Appleton's Cyclopedia of American Biography, edited by James
Grant Wilson, John Fiske and Stanley L. Klos. Six volumes, New York: D. Appleton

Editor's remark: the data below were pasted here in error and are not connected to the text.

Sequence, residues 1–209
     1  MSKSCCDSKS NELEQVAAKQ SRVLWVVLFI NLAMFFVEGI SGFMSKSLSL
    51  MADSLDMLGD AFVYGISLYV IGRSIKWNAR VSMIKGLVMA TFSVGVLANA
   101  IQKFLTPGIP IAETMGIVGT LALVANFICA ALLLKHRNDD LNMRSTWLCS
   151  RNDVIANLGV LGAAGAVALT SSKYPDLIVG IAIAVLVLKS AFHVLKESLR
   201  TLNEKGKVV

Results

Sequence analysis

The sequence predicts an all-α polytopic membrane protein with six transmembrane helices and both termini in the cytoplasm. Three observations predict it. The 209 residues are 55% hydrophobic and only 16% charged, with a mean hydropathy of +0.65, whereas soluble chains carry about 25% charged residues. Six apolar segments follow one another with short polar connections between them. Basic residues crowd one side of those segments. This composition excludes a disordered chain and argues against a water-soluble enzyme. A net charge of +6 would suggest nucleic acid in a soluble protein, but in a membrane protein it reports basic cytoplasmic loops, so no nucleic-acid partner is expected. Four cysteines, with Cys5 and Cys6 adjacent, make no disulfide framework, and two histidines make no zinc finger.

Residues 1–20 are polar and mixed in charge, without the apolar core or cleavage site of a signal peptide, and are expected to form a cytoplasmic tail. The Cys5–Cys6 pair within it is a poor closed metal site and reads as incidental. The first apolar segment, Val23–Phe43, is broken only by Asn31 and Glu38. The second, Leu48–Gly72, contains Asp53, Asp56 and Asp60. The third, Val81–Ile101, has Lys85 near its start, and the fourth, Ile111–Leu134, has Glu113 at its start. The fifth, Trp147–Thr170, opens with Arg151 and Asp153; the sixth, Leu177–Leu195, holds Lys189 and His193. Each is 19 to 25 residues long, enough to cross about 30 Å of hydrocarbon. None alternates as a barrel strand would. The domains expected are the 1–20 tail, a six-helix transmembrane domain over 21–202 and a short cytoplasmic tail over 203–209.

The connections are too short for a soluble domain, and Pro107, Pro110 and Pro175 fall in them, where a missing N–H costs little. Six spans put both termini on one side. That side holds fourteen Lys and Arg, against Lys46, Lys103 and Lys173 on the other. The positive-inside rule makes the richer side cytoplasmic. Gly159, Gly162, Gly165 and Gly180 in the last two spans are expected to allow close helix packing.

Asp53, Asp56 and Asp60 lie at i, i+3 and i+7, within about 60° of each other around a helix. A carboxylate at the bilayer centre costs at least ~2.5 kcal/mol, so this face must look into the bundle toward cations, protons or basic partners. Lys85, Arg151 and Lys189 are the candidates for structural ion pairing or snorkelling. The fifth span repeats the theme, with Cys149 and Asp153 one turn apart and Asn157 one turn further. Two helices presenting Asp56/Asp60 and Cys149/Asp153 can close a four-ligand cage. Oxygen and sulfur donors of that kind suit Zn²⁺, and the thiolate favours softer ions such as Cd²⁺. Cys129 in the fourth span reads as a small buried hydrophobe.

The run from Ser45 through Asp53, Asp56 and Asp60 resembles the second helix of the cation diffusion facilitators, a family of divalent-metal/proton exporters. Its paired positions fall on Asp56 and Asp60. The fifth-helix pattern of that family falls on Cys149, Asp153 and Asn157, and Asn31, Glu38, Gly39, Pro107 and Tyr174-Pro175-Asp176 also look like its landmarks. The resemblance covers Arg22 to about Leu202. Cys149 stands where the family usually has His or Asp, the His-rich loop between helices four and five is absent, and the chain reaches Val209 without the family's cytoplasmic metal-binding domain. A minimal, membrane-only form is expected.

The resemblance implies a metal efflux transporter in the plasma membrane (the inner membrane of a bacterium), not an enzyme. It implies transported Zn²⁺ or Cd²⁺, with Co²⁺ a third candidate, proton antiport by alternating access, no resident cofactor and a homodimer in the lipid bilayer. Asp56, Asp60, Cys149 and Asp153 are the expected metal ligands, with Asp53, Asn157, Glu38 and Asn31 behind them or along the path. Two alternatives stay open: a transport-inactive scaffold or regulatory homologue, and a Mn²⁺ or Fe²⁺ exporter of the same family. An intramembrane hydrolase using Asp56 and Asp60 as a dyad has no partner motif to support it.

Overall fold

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LYNCH, John Roy, member of congress, born in Concordia parish, Louisiana, 10 September, 1847. He is a mulatto, and was not born a slave, but after his father's death the administrator of the estate held his mother in bondage. When a child he was carried with his mother to Natchez, Mississippi, where he continued to reside after he obtained his freedom on the occupation of the city by the National troops. He had received no previous training, but, by attending a night-school for a few months, and afterward studying privately, he obtained a good English education. He engaged in the business of photography until 1869, when he was appointed a justice of the peace. He was elected to the legislature in the same year, and re-elected and chosen speaker in 1871. In 1872 he was sent to congress, and re-elected for the following term. In 1876 he was again a candidate, and his friends claimed that he was elected, but James R. Chalmers obtained the seat. In 1878 he defeated General Chalmers, and in 1880 was defeated by the Democratic candidate. He was temporary chairman of the Republican national convention of 1884.
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